US lawmaker criticises Pakistan's unwillingness to crack down terror
Washington, Sep 14 (UNI) Democratic Congressman Frank Pallone, Jr, has criticised the Pakistan government's unwillingness to crack down on terrorists within their nation.
''I have serious concerns that unless the Pakistani government is able to crackdown on their militant-infested borders, we will never be able to capture Osama bin Laden and his associates and bring them to justice,'' he said in a speech in the US House of Representatives.
Mr Pallone, who is one of the founders and former co-chair of the Congressional Caucus on India and Indian Americans, said, ''Pakistan has become a key US ally in the war against terrorism, it is still known to be a staging ground for terrorism.'' ''General Musharraf has been praised as an important ally in the war against terrorism, giving the impression that he and his government share the US perception about terrorism being a shared threat.'' He, however, said President Musharraf was only willing to fight terrorists affiliated with al-Qaeda to the extent of securing US assistance and worldly praise. ''He is still unwilling to clamp down on Jihadi groups within Pakistan's borders that may or may not be connected with al-Qaeda, but are still a part of the bigger problem,'' Mr Pallone said.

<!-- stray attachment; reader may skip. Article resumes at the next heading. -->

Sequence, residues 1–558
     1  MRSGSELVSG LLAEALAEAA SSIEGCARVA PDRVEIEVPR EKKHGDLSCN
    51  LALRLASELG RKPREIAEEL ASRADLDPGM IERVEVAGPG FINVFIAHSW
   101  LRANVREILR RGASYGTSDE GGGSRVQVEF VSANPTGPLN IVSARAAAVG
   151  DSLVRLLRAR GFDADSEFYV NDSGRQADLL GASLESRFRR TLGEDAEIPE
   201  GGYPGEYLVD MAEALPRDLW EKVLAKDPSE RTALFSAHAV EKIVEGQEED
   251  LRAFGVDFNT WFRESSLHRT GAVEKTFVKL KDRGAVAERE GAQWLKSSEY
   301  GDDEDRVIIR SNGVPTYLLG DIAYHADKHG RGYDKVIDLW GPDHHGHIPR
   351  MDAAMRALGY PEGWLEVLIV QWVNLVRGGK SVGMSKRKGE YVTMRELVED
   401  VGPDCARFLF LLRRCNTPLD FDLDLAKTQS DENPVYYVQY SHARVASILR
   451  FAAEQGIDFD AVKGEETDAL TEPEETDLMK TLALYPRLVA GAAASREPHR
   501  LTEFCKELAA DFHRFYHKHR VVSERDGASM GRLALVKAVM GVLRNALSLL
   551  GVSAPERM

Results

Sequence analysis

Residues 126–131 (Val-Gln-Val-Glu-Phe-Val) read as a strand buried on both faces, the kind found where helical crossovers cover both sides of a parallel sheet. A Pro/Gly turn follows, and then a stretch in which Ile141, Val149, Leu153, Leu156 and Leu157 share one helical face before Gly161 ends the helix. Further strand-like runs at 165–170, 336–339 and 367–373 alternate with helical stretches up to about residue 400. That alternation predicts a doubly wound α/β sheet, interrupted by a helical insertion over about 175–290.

The lawmaker recalled US officials saying for some time Osama bin Laden is believed to be in the Pakistan-Afghanistan border area.
''In fact, every senior al-Qaeda leader who has been captured since September 11, 2001 has been run to the ground in Pakistan.
Ironically, Pakistan is also where al-Qaeda was founded by bin Laden in 1988,'' he said.
''The premise that bin Laden is hiding out in Pakistan has great substance. There are thousands of US and international troops inside neighbouring Afghanistan, but none are able to go into Pakistan.
That is because the government does not allow foreign troops on its territory. So bin Laden is safe from US forces because they cannot actively pursue him. Yet, Pakistan won't make a concerted effort to find him either,'' Mr Pallone said.
''To make things worse,'' Mr Pallone pointed out, ''Pakistan has signed a truce with militants in the Pakistan-Afghanistan border region; an area that is believed to be harbouring bin Laden and other al-Qaeda surviving leadership. It is also where the Taliban originally emerged. The agreement allows the militants to remain in the area as long as they promise to halt attacks.'' ''The US must proceed with caution with Pakistan. Even though it has helped in the capture of some of al-Qaeda's leadership, these efforts are nothing more than superficial attempts at camaraderie,'' he said.
''The fact remains, Pakistan cannot be wholly trusted as a legitimate supporter of US goals and interests in South Asia, until it proactively disarms all militias and dismantles the Jihad infrastructure,'' he said.
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